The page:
Dalelorenzo's GDI Blog
31May/210

We are facing a climate health crisis – it’s time for action

We are facing a climate health crisis - it's time for action

Ahead of next week's Net Zero Nature Summit, Sarah McDonald, vice president of sustainability at GSK Consumer Healthcare, reveals how the company is collaborating on a call to action to ensure climate and health strategies are better aligned

To be health, there is need to a health macrocosm to live in but unfortunately, the health of the world is under threat. Increasing scientific evidence illustrates climate change and nature loss are affecting the world countries and human health in many ways through rising temperatures, including air pollution, water scarcity and plastic pollution.

Core to our corporate approach, GSK Consumer Healthcare is tackling the environmental and societal obstructions between the planet's health and our human health in order to increase the urgency and passion of actions to tackle climate change. This is a problem that disproportionately restraints people's opportunities for everyday health and wellbeing through, for example, greater revelation to air pollution or longer and more acute occurrences of sickness such as allergies or flu.

With climate change and public health challenges are closely linked, the present working one of the most significant public health challenges we are confronted with. The effects of climate change are already causing premature death and worsening state sequels for countless various regions of the world and the expected direct financial costs are predicted to be$ 2-4bn per year by 2030. There is also a critical social equity dimension to the climate and health nexus which all actors from business to government would benefit from understanding in greater depth.

The medical community and healthcare jobs have recently been exploring these connections and are starting to act and propose for others to do the same. However, for countless non-health enterprises, the investment community, and politicians, the connections between climate and health are less clear, and are often neither meaningful nor tangible.

As Richard Ellis of Walgreens Boots Alliance observed, "the links between climate and health are so profound - especially in relation to air pollution, but we're currently analyse them as separate issues. What we do in the next year will determine whether we build climate and health systems that are resilient - including build resilience to the impacts of air pollution, but likewise tackling the root causes of air pollution in ways which can also drive connected benefits for health."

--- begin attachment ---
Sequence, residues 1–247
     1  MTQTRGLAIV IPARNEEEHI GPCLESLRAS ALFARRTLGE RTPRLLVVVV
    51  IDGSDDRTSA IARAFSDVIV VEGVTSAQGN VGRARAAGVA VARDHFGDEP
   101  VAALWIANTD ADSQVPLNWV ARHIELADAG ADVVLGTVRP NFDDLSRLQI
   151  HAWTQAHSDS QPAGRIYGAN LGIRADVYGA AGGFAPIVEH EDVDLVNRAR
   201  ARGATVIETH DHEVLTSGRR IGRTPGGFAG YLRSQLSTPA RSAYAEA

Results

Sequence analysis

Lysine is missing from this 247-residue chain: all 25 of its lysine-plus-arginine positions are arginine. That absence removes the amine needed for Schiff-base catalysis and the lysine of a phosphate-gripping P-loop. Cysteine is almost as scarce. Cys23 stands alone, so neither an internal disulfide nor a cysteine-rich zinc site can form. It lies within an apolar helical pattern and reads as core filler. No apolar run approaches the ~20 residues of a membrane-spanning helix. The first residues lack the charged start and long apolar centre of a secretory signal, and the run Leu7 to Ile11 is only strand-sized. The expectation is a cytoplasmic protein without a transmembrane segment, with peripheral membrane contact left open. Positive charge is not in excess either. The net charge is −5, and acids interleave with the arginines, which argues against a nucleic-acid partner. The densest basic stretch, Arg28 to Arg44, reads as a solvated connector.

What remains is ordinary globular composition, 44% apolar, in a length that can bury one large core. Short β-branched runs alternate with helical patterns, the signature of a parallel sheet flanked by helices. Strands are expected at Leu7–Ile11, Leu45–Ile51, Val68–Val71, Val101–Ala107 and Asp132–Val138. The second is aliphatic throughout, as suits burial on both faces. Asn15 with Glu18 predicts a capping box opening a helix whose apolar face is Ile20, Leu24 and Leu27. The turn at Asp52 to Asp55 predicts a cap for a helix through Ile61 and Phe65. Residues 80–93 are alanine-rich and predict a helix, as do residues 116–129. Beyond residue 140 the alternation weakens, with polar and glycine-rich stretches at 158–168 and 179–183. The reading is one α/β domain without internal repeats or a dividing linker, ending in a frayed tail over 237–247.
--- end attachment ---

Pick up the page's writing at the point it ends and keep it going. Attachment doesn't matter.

What's once happening and what's missing?

Many ventures have climate plans, with 2,162 the enterprises and 160 investors responsible for over $70 tr resources signed up to the Race to Zero and 1,366 organizations designating Discipline Located Targets( SBTi ); many also have health and well-being policies, particularly in the food sector. But the activities and approaches are not often associated nor are core to business, while opportunities are missed to accelerate progress in both.

Even within the healthcare sector it isn't always clear how best to approach involvements in these two interconnected organizations, and to activate programmes for both. There is also a lack of shared pre-competitive openings or guidance around what actually wields. For non-health sector firms, the lawsuit for play and potential outcomes are particularly unclear and hard to engage with.

What do we want business to do differently as a result?

At the Net Zero Nature Summit on the 27 th May, GSK Consumer Healthcare will disclose how it is collaborating with Forum for the Future, Walgreens Boots Alliance, and other important healthcare and non-healthcare stakeholders to galvanise business actions around the intersection of environment and health - with a particular focus on the challenge of air pollution. We are using COP 26, and occurrences that lead-up to the Glasgow Summit, to support a call to action for business to respond to the climate and public health crisis in ways that drive systemic change.

We offered to host a board to glisten a light on the connections between air pollution, atmosphere, and health, and boost understanding of what different high-risk people are seeing and feeling. We will use the panel discussion to identify how GSK Consumer Healthcare and other stakeholders can drive positive benefits for state and climate - including by working together to mitigate the impact of airborne pollutants. We will identify where action is already happening and how this can be accelerated or scaled up and agree on any areas where organisations can work together to accelerate progress in climate and nature.

Following these discussions, we will help to shape and subscribe a Call to Action gathered by Forum for the Future for businesses to respond to the climate and public health crisis in ways that drive systemic change towards positive atmosphere and health outcomes. Offering clear guidance on what practical steps businesses can take to drive altered in both challenges simultaneously, as well as reinforcing the potent persona that health can play in accelerating action on environment - we aim to use COP 26, and occurrences that lead-up to the Summit to amplify this Call to Action. We hope that you'll join us.

Sarah McDonald is vice president of sustainability at GSK Consumer Healthcare

GSK Consumer Healthcare is a partner of the Net Zero Nature Summit and Net Zero Festival

Further Reading

Business Leadership Brief on Healthy Planet Healthy People

An empowering business narrative and call for health resilient climate action

WHO Manifesto for a health and dark-green post-COVID recovery

Read more: businessgreen.com

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